China-Latin America Economic Bulletin, 2021

Guarujá – State of São Paulo, Brazil, Guarujá. Photo via Unsplash.

Latin America and the Caribbean (LAC) was hit hard in 2020 by the COVID-19 pandemic and the resulting economic downturn. With one of the highest mortality rates in the world, the region also saw the worst economic slowdown of any global region, contracting by over seven percent last year. In this context, LAC’s relationship with China—the most important export market for South America and second export market for LAC overall—is crucial.

These are among the findings of this year’s China-Latin America Economic Bulletin, our sixth annual note summarizing and synthesizing trends in the burgeoning China-Latin America economic relationship. Compiled by Rebecca Ray, Zara C. Albright and Kehan Wang, the goal of the bulletin is to provide analysts, journalists and observers with a handy reference to the ever-changing landscape of China-Latin America economic relations, a landscape where data is not always readily accessible.

Highlights from this year’s edition include:

  • For the first time in 15 years, China’s two policy banks, China Development Bank (CDB) and the Export-Import Bank of China (ExImBank) signed no new financing commitments with LAC governments. Instead, renegotiations of existing debts began, culminating in the suspension of $891 million in payments by Ecuador.
  • China donated $215 million in medical aid to LAC countries. Nearly half of this amount— over $100 million—went to Venezuela.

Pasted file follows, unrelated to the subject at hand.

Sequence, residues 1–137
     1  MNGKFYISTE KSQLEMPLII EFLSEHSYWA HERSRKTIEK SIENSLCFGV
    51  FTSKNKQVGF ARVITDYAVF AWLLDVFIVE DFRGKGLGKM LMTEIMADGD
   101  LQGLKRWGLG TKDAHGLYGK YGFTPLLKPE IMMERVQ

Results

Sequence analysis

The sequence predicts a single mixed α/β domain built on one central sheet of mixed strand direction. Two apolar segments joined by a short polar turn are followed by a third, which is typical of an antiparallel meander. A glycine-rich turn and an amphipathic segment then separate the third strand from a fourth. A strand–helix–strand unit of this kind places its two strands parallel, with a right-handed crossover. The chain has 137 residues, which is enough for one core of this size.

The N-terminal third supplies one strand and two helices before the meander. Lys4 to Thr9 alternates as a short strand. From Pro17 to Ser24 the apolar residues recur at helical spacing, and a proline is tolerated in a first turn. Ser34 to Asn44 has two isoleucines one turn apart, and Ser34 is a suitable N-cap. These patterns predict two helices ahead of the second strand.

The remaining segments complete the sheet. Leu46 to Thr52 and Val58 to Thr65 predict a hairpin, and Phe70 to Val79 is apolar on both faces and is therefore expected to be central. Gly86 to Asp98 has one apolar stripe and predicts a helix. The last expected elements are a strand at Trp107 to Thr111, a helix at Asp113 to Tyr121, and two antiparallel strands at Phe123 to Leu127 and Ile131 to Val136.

• LAC-China trade held steady despite the regional downturn, at an estimated $136 billion in LAC-China exports and $160 billion in Chinese exports to LAC. Given the sharp economic slowdown, LAC’s trade with China rose to record levels as a share of regional GDP, at an estimated 3.8 percent of GDP in imports and 3.2 percent of GDP in exports.
  • Behind these trade results were rising iron prices, as China’s economic stimulus drove demand for construction materials. Also driving trade was China’s continued demand for Latin American soybeans, despite its commitments to return to buying from US suppliers under the China-US “Phase One” trade deal.
  • New (“greenfield”) Chinese investments in LAC sagged, and included just a few major announcements, all of which are still pending: three Chinese automobile manufacturers announced the intention to invest in Mexico and a local subsidiary of China General Nuclear Power Corporation announced its intention to build 800MW in new solar energy generation facilities in Brazil.
  • Nonetheless, Chinese mergers and acquisitions in LAC grew to $7 billion as Chinese energy companies took advantage of Sempra Energy’s sale of its interests in the Chilean and Peruvian electricity sector. Together, China Three Gorges and State Grid Corporation bought over $6.5 billion of these assets.
  • 2021 may see a rebound in investment and finance, as China has offered $1 billion in loans for vaccine purchases and has begun negotiations with Ecuador for a new loan for oil. Argentina has begun negotiating an ambitious investment package worth $30 billion, particularly in transportation and agricultural projects.


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